The impact of COVID-19 on the NHS, especially on critical care units, has resulted in an unprecedented pressure on surgery waiting lists. Transitioning patients in and out of critical care units safely and efficiently is going to be key to clearing this backlog and getting patients the treatment they need. Patient monitoring systems which use Artificial Intelligence (AI) to flag early warning signs for patient deterioration in critical care settings could be a key tool to help clinicians to improve outcomes and reduce critical care length of stay for patients.
Unfortunately, available early warning score models currently used in most critical care settings are severely limited by their static nature and generic thresholds. These limitations mean that they can fail to identify subtle signs of patient deterioration until it is too late. In contrast, AI-driven technology has the potential to transform early warning systems, as it can anticipate patient deterioration in real-time and allow clinicians to take proactive preventive action.
One AI-driven patient monitoring system which has been successfully deployed in a critical care setting is the STABILITY platform, developed by UK start-up Rinicare. A product evaluation at Wythenshawe Hospital, part of Manchester University NHS Foundation Trust, is currently underway to assess the platform amongst cardiac surgery patients in its Cardiothoracic Critical Care Unit.
The first offering available on the STABILITY platform is STABILITY UO (urine output), a CE-marked software solution developed to predict the risk of developing renal complications or acute kidney injury (AKI) after cardiac surgery. Powered by a clinically validated algorithm, STABILITY UO’s predictive power has been shown to accurately predict dangerous episodes of low urine output that, without intervention, correlate strongly with increased morbidity and mortality.
Acute Kidney Injury (AKI) is a major healthcare burden, estimated to cost the NHS alone £1.02 billion per year, and is a particular concern for clinicians managing cardiac patients following surgery. AKI occurs in up to 12 per cent of patients in general undergoing surgery procedures and about a third of patients following cardiac surgery.
Using routinely-taken physiological measurements, STABILITY UO can predict the future probability of low urine output in time for clinicians to take preventive action to reduce the risk of developing AKI. This risk prediction is personalised for each patient, is available after only six hours of post-operative monitoring and is updated hourly.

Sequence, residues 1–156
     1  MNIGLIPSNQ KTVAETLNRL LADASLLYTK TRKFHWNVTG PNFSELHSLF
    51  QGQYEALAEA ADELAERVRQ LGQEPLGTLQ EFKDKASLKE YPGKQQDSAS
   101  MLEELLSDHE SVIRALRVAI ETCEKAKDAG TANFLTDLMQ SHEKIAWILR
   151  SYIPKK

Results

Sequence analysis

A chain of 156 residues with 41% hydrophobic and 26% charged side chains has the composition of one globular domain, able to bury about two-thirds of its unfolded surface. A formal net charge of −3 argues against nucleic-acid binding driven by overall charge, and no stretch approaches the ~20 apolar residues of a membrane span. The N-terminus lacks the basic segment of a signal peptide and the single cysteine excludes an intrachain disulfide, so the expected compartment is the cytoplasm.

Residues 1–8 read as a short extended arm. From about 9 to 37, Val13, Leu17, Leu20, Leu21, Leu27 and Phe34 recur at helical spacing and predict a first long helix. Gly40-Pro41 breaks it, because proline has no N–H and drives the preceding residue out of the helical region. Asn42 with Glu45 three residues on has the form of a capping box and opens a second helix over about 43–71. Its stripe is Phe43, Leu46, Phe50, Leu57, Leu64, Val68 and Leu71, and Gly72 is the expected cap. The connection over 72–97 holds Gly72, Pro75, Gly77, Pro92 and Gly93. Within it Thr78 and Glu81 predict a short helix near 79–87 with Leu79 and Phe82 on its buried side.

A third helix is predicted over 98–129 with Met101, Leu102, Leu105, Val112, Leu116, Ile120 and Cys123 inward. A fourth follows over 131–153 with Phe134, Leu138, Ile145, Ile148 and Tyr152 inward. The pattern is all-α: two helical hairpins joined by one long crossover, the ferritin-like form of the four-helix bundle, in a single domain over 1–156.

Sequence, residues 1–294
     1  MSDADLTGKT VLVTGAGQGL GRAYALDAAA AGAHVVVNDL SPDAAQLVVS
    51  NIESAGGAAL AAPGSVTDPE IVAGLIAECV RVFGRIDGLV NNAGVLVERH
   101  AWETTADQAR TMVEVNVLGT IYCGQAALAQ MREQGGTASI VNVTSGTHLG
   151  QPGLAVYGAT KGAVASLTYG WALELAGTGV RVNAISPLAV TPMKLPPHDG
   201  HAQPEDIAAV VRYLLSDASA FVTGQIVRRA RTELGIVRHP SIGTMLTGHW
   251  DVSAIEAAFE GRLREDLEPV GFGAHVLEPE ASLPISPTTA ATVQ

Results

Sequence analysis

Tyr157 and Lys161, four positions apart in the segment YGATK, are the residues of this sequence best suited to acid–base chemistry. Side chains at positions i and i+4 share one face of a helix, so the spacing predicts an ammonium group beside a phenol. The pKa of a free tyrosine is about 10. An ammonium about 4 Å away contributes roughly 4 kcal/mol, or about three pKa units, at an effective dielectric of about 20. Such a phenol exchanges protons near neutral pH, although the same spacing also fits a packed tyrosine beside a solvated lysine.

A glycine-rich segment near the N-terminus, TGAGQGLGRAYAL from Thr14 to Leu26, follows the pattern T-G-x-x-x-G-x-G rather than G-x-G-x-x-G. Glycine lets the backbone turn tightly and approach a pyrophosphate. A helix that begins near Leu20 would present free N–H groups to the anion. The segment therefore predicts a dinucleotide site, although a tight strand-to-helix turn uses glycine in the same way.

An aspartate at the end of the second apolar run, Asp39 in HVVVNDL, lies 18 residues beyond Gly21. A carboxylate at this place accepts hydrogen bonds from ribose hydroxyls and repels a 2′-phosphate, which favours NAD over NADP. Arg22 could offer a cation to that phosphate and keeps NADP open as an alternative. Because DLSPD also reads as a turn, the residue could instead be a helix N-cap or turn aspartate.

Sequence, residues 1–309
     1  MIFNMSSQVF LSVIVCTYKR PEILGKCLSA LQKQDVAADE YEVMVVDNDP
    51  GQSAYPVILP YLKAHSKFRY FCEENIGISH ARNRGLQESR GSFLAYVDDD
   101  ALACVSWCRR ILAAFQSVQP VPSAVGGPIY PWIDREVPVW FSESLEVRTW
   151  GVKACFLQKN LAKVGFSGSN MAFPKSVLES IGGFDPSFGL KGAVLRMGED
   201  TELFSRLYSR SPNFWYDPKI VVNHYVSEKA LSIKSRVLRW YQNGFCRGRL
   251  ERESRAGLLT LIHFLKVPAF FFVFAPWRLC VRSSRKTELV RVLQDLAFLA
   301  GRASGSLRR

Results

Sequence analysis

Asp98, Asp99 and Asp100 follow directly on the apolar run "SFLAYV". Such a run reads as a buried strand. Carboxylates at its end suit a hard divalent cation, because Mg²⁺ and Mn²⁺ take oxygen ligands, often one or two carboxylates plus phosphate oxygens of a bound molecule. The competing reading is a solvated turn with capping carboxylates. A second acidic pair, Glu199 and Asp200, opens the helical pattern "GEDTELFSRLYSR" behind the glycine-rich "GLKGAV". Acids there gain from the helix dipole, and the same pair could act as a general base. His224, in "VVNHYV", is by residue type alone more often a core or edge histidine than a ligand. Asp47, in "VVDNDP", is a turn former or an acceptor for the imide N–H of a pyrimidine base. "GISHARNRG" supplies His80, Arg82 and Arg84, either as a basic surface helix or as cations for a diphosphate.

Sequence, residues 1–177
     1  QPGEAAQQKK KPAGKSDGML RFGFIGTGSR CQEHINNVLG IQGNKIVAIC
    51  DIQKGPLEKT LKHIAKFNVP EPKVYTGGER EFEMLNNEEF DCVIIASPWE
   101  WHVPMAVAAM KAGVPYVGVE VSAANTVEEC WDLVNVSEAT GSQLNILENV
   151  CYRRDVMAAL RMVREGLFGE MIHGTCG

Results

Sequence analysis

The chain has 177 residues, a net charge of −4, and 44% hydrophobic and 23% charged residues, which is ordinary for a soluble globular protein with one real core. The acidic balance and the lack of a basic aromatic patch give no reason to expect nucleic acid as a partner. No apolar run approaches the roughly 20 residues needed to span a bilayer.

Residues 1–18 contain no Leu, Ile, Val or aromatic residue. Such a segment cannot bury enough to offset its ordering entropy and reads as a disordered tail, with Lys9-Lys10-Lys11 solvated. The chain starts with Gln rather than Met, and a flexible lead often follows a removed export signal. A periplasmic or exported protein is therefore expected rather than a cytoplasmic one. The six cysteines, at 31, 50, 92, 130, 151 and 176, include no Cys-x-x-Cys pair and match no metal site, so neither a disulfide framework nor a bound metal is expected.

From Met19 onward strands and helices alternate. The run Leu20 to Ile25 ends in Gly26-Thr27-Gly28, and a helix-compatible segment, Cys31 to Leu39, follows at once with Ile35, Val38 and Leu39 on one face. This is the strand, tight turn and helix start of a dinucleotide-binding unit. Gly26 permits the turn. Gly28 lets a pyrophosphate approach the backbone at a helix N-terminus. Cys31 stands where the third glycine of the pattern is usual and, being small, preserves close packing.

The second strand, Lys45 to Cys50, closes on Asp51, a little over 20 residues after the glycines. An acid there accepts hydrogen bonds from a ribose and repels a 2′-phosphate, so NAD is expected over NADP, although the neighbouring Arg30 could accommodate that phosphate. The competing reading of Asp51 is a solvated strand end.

A vital aspect of the STABILITY UO platform for clinical teams is that it can be integrated into the hospital’s local IT network, and then accessed seamlessly through bedside monitors, nursing PCs or tablets. This allows nurses to input the regular urine output readings without major disruption to their routine.
Data from the Wythenshawe Hospital product evaluation should be available later in 2021, demonstrating the impact that AI-driven patient monitoring can have on high-risk critical care patients. The Rinicare team is also developing new applications for the STABILITY platform. The next offering focuses on postoperative atrial fibrillation (AF) which affects up to one third of patients after cardiac surgery. Rates of postoperative AF have remained stubbornly high for decades, so this is another really exciting area for the application of AI-driven technology.
The potential benefits of clinical risk prediction technology for the NHS during this crucial recovery phase from the pandemic are far reaching, and could have an almost immediate effect on the number of surgeries a critical care unit has capacity for. The ongoing evaluations of solutions like STABILITY show that we are fast approaching the point where patients and clinicians can both start to truly appreciate the benefits of AI technology in the healthcare setting.
See CMFT Research & Innovation Press Release.